Sociological Imagination: A Critical Way to the World


Posted: May 6, 2015

by Jeanette Wiley

"I'm going to show you how to make yourself recession-proof. If you apply the principles I recommend in the following pages, you'll be presented with more opportunities than you ever thought possible."- Charlie Hoen, Recession Proof-Graduate

We're often told that in order to achieve the American Dream, one must simply work harder. In politics especially, it is common for members of both parties to tell an idealized story about hard work and great success. This, however, denies a larger structure at play that either enhances or deters people from achieving their goals. This common mindset is highlighted by the statement "blame no one but yourself". Upon hearing this, I began to reflect back to an important concept popularized by author and sociologist C.Wright Mills called the "sociological imagination". How can we relate individual biographies to a greater history? Could these personal troubles be part of much larger social problems? These are the questions that the concept of sociological imagination raises. By looking deeper into this notion, along with the ideas of structures and institutions, we can begin to answer these crucial questions and identify why things that plague our individual lives may be much more than just our failure to work hard enough.

Before answering these questions, one must have a clear understanding of the definition of sociological imagination. C. Wright Mills famously made this term popular in his paper "The Promise." Mills argues that a sociological imagination is essentially having the ability to "grasp the interplay between man and society, biography and history, of self and world" (Mills 1959). Being able to distinguish between personal "troubles" and greater social "issues" is the true heart of thinking sociologically. One of the best examples of separating these two phenomena is by looking at the job market through a personal trouble of a relative losing a job in relation to the greater social issue of widespread unemployment. Many times individuals feel that their failure to get hired is a personal problem due to a poor interview or lack of experience. What this fails to recognize, however, is that during an economic recession, there are many more people out of work competing for the fewer number of jobs in the market. It is an individual problem, of course, but it also shines light onto the much larger social issues at hand. Being aware of this relationship is crucial to our understanding of the world.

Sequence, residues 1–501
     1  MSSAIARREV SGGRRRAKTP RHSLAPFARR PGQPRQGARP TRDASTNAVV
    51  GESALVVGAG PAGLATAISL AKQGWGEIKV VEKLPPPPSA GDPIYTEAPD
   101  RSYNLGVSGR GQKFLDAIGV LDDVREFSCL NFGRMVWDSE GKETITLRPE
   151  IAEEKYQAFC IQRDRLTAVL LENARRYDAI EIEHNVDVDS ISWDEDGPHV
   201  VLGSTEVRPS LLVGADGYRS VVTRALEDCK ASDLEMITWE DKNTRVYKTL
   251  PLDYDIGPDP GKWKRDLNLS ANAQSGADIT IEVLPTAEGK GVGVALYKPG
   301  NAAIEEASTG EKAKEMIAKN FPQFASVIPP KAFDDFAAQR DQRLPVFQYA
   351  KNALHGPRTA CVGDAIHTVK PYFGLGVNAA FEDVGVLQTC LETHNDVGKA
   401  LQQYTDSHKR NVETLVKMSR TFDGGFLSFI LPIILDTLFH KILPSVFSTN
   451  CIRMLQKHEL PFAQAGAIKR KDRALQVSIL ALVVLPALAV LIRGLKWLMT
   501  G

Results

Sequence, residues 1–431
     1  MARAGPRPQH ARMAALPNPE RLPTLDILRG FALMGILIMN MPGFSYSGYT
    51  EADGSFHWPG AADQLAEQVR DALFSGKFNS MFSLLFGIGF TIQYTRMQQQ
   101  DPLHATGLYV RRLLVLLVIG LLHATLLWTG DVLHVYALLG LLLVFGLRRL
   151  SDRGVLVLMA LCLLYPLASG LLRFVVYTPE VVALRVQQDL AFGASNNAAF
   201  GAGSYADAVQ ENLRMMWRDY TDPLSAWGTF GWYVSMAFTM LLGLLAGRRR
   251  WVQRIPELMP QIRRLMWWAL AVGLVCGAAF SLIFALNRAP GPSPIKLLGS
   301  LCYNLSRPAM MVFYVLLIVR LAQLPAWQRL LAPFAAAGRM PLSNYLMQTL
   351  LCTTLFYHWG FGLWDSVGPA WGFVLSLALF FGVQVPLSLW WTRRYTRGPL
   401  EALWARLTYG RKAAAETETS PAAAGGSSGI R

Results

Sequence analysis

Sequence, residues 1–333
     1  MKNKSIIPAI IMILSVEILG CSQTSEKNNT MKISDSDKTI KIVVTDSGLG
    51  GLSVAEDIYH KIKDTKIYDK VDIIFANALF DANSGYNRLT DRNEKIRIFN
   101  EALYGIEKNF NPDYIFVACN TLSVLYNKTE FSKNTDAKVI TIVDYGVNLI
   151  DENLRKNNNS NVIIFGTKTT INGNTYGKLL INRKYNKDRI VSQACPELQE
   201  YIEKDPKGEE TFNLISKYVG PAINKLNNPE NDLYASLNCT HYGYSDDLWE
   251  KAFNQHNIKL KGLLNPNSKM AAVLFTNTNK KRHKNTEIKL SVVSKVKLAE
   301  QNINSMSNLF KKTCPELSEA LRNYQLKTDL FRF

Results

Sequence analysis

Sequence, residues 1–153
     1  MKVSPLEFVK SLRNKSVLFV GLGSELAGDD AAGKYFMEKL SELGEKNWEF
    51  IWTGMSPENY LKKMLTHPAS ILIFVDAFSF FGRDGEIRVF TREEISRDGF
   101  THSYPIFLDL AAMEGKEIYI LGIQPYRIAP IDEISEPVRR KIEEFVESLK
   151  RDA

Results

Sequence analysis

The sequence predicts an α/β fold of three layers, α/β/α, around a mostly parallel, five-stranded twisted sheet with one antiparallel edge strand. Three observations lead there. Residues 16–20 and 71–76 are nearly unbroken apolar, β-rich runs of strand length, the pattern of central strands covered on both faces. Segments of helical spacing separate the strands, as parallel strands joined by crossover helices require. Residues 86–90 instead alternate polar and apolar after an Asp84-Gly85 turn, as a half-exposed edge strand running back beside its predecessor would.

Other important concepts that help explain the complexities of individual vs. social problems are structures and institutions. Structure can be thought of as "common and persistent roles and relationships that shape human interaction" (Glenna n.p.). For example, structures could be the relationships between Professor and Student, Husband and Wife, or Employee and Employer. While they are not always intentional, they reflect a power dynamic that reveals roles and expectations of how someone should act in that particular setting. Institutions, on the other hand, are a set of rules and resources that enable and constrain patterns of human activity (Glenna n.p.). An example of such patterns can be seen in the institution of higher education. In order to understand this, one must ask questions such as, "How can we explain widespread 18-22 year old migration patterns across the United States as summer ends each year?" It is best explained by the phenomenon of higher education, which provides resources for young people to get a job. Both structures and institutions are often ignored by the public when looking at individual situations, but act as fundamental elements of analysis that help us to use a sociological imagination more effectively and critically.